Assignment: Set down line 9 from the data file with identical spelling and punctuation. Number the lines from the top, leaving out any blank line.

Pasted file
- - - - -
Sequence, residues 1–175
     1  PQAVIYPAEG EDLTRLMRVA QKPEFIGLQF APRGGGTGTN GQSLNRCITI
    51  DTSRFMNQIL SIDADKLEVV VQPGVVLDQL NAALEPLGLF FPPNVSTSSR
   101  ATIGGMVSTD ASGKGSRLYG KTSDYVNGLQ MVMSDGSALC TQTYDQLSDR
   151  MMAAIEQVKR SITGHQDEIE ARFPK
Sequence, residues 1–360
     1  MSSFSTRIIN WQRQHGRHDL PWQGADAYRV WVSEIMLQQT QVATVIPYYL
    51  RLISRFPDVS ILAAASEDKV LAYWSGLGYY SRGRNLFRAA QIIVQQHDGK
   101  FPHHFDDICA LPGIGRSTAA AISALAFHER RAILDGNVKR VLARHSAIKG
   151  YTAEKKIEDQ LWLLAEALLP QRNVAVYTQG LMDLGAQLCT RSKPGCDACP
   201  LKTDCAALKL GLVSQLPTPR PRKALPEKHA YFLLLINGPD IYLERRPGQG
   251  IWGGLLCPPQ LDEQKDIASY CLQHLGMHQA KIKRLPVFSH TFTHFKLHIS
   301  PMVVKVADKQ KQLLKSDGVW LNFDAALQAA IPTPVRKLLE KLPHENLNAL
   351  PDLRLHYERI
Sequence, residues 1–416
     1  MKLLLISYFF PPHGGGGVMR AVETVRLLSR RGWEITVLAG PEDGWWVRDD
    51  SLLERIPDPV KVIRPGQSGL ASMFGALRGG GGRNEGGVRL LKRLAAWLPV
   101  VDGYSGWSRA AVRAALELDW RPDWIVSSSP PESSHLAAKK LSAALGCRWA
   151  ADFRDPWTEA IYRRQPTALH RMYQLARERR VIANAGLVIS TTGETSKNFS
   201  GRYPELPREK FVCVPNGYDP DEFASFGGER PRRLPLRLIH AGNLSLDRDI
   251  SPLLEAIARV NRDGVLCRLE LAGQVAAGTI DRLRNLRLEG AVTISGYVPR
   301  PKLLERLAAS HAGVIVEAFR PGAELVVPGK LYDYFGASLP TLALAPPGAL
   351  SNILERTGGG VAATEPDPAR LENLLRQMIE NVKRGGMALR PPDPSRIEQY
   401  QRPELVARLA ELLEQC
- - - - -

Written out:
   101  FPHHFDDICA LPGIGRSTAA AISALAFHER RAILDGNVKR VLARHSAIKG